The Mactweets Challenge this month—summer flicks—could include anything as unappetizing as metallic action blockbusters to sugary romantic comedies—plus a sleeper indie that might be temporarily satisfying but leaves you hungry in an hour. I wanted a movie that would be stylistically feasible and fully satiating to translate into my macaron concept. I needed something more long-lasting.
The classics could work nicely. Casablanca, Lawrence of Arabia, All about Eve, and Gone with the Wind, all deserve a macaron in their honor, but I, as least, wasn’t getting a culinary vibe from them. And then it hit me—Auntie Mame with Rosalind Russell. It’s about the unconventional socialite who raises her young nephew following her brother’s untimely demise.
Many years ago, I spent my first New York summer with a new job and a few good friends to hang out with. We lived in the same apartment complex, so it was like living in a college dormitory. We hung out in each other’s apartments, ordered takeout, and watched movies, when we tired of exploring the steamy city. It was our version of Friends (minus the oversized NY apartments of the TV version) but everyone came in with a simple knock on the door.
It was one Sunday afternoon during this summer, while channel surfing, that we came across Auntie Mame. I had never heard of it, but one of our friends had seen it before and insisted that we all watch it. He gave us a quick synopsis so we could jump in and have an idea why he was so intrigued. Within minutes of the stunning visuals and quick wit, we were hooked, too. The movie is based on the book of the same title by Patrick Dennis, aka Edward Everett Tanner III, which he wrote like a fictional memoir, but many have speculated that it’s actually based on his Aunt Marian. Mame raised young Patrick in the most outlandish manner, including some very adult instructions on entertaining guests. She also instilled a world of wisdom in him. “Knowledge is power,” she utters as she explains to the bank trustee why Patrick knows how to make a perfect martini at a very young age. Mame’s life philosophy is “Life is a banquet and most poor suckers are starving. Live! Live! Live!” The movie starts at the height of the 1920s and takes us through the depression of the 30s and onto the 50s with vignettes of adventures that give Patrick true life experiences.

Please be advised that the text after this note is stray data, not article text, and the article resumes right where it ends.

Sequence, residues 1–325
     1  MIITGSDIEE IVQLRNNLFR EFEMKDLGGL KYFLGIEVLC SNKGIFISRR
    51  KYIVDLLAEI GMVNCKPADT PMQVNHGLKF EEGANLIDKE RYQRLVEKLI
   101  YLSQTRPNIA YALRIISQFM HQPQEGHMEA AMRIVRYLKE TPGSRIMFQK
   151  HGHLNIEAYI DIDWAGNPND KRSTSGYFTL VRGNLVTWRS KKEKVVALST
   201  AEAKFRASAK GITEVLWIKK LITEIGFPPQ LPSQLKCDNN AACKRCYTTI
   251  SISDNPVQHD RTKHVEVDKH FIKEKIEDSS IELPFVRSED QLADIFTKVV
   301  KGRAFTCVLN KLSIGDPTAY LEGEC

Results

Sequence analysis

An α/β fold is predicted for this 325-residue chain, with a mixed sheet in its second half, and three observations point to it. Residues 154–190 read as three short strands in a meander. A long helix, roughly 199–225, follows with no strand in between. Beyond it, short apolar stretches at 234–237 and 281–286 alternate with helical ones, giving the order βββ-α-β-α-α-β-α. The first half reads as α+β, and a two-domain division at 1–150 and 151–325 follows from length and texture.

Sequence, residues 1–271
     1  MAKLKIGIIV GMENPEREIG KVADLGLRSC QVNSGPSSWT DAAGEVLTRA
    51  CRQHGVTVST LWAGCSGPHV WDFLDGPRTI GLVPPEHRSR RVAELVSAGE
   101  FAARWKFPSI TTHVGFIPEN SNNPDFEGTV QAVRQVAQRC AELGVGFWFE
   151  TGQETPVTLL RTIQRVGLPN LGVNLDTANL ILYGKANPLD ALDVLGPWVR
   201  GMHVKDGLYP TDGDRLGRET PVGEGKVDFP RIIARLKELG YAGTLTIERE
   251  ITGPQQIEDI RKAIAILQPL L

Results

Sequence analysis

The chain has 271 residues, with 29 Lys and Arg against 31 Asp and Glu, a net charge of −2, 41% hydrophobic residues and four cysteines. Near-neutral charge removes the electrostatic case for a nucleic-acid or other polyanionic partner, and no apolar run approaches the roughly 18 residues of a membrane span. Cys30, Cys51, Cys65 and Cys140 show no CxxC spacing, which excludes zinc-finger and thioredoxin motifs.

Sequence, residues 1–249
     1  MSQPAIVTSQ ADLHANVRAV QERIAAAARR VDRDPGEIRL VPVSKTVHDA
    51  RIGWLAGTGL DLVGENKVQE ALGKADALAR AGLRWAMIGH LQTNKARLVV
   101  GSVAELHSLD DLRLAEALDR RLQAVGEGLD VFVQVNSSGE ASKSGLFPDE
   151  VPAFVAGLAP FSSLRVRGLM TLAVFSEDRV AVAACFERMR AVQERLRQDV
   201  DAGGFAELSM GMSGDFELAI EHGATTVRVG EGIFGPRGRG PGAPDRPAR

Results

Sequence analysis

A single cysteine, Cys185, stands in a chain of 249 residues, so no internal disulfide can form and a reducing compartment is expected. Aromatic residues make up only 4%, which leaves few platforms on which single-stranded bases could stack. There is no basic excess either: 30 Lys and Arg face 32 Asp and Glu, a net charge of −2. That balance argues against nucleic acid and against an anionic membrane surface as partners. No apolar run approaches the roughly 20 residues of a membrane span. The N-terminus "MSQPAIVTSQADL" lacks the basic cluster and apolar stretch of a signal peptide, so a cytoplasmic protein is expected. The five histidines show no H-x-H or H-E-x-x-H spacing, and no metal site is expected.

A few years later, I came across the DVD of Auntie Mame in a retail store, so I bought a copy for remembrance of things past, since my friends had left NY. The movie had a much deeper meaning the second time around. I wanted to live by Mame’s motto of experiencing life to the fullest. With hard times of her own during the Depression, Mame became the star in a rather drab production of Mid Summer Night’s Dream that turned Shakespeare into slapstick and raised the audience spirits when her noisy bracelet stuck on her best friend’s dress. Once, I threw a cocktail party in honor of Mame, with martinis and colorful NY personalities. It was my version of the opening scene party with its grand Chinese dragon door chime and Swedish modern decor where young Patrick first appears at Mame’s door. She offers the young child something to eat. He doesn’t quite know what to make of the “salty fishberry jam,” but he did later develop a taste for caviar. During the last scene, Mame entertains the now grown Patrick, his fiancé, and her parents—locked-jaw souls from Connecticut. Mame, true to character, serves up pickled octopus and a special cocktail called the Flaming Mame, which of course, she serves flambé.
I decided to combine the red velvet dress from Mame’s stage performance, the innocent name of fishberry jam, and the fabulous flaming cocktail to create a luscious red raspberry macaron with the chocolate ganaché filling that resembles the fishberry jam. The color represents not only Mame’s dress and the cocktail but her vivaciousness. We should all be so lucky to be able to experience life to the fullest as Mame. Live! Live! Live!
Flaming Mame (Raspberry) Macarons
Recipe by hungryrabbitnyc, 2010
Make 32-35 macarons
2/3 cups (3 oz) ground almonds
1-1/2 cups (5 1/4 oz) confectioner’s sugar
2 tablespoons dry raspberry powder
1 tablespoon cornstarch
1/8 teaspoon table salt
3 large egg whites, at room temperature
3-1/2 tablespoons granulated sugar
1 teaspoon vanilla extract
5 drops rose food coloring